The A.G.M. will be held on 20th March 2016 in the Church Hall after the service. Two motions will be introduced, 1, to change our financial year from 1st Jan – 31st Dec to 1st July – 30th June in line with the tax year.
Motion 2 In keeping with modernising our Church in the 21st century, a name change that will give a clearer impression of what we are. Adelaide New Christian Church Inc. being a suggestion. (The AGM decided on Adelaide Christian New Church).
Descendants of Rev. Edward George Day were in Adelaide staying with family for Christmas and as they had recently started a genealogy search, contacted the Church. June Johnson was able to give them much information concerning Rev. Day who from 1850 took over as Leader then Minister for the next 34 years. The family was delighted to see and photograph a wall plaque, pictures and other items.
Shirley Brock celebrated her 90th birthday in December. Shirley is the wife of Ian Brock, son of Rev Charles Brock.
Three members from Adelaide will be attending the upcoming N.C.I.A. assembly in Canberra, and we look forward to it.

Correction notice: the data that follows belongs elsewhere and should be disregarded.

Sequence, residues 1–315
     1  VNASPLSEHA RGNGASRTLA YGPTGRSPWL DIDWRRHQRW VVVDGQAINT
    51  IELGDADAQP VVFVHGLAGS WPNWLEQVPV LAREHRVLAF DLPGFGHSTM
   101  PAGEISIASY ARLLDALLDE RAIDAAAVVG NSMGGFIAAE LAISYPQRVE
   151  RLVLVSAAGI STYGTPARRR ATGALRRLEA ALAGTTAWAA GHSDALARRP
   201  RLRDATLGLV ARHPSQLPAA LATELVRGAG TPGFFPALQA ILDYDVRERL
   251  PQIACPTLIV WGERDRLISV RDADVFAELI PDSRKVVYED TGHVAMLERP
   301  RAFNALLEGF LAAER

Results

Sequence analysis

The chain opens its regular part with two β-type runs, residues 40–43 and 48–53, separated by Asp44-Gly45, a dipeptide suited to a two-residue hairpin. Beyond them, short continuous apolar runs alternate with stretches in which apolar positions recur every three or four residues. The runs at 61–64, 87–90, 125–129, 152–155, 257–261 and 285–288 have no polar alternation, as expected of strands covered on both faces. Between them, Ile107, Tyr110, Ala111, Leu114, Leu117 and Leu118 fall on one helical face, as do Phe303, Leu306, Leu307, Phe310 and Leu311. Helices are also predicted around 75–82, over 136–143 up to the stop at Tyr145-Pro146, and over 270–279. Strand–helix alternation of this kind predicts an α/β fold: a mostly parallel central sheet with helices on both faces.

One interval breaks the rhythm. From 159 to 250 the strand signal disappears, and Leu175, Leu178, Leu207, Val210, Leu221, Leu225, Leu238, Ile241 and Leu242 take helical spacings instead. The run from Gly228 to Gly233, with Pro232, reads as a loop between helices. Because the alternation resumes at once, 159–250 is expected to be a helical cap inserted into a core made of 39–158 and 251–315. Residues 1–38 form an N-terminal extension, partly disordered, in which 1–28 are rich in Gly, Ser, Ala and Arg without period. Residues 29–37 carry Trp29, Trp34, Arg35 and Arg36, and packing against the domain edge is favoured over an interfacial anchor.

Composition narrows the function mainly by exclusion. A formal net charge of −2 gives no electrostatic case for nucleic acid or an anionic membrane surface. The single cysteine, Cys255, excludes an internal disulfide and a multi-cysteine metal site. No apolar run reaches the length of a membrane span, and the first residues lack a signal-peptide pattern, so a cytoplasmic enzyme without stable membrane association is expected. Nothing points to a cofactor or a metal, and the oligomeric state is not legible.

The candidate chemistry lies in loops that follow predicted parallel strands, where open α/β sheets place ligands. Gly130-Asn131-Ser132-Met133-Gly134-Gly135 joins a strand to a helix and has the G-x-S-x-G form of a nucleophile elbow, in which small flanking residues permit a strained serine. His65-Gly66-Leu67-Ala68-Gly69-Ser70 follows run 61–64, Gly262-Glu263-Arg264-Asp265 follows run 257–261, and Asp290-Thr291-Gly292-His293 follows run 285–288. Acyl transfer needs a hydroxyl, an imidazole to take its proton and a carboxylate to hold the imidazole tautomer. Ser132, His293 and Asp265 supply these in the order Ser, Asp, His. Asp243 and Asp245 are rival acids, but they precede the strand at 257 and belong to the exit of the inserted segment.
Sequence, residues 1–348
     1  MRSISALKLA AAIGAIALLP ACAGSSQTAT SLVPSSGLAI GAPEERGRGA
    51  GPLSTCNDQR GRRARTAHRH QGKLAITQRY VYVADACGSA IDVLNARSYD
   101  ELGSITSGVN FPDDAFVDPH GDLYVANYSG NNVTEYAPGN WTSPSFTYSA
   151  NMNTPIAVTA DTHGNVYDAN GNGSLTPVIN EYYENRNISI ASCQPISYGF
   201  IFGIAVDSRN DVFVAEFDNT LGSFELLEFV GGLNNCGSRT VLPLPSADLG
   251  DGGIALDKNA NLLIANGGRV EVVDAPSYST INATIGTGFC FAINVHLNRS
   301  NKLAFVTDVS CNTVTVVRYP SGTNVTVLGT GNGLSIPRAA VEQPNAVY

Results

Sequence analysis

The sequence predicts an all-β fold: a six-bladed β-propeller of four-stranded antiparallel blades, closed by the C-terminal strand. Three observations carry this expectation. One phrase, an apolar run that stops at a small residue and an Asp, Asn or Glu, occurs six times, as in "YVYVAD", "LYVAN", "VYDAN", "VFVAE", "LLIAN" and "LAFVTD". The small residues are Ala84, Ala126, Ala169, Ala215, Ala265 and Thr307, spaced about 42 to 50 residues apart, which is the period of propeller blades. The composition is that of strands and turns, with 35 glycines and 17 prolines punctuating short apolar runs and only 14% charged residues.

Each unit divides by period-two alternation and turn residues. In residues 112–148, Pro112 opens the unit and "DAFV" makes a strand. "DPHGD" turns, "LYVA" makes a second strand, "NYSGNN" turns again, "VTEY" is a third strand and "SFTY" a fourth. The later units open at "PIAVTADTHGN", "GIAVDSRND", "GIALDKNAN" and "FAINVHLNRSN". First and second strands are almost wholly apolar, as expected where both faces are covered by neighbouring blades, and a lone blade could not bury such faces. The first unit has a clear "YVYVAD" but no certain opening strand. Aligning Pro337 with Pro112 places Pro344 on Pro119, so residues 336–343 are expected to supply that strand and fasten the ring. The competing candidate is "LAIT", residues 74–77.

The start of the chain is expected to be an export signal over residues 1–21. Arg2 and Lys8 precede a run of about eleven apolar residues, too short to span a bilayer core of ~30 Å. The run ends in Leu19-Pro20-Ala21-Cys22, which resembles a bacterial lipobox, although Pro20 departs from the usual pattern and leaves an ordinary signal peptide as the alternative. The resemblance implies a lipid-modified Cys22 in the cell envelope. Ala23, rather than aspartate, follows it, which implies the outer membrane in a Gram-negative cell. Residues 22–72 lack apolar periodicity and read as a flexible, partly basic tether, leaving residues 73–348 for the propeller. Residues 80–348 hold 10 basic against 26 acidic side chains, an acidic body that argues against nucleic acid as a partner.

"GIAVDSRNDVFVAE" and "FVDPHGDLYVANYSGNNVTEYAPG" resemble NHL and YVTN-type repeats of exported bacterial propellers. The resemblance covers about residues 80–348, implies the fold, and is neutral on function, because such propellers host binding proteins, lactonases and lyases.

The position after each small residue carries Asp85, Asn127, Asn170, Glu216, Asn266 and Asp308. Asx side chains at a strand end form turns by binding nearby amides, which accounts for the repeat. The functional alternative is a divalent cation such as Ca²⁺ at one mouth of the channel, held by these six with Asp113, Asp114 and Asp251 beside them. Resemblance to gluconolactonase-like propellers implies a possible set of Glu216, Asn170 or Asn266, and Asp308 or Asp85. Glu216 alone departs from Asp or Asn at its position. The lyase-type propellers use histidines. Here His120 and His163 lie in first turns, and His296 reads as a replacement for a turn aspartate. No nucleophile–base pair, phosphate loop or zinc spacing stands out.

Christmas seems a long time ago but it is still relevant to report on our activities. Christmas worship began with a musical service including advent songs and hymns played by Helmut Lopaczuk on the accordion. The following Sunday was a Toy Service with the toys being given to the Salvation Army. Our Lessons and Carols service involved a number of the congregation including Rev. John Teed reading the final lesson from the first Chapter of John and then giving the blessing. Christmas morning was a highlight as we were privileged to have Rev David Moffat conduct worship and administer the Holy Supper. David, Pam with Alycia, Alex and Ebony were on a family visit to Melbourne. It was delightful also to have two overseas visitors staying with congregational families.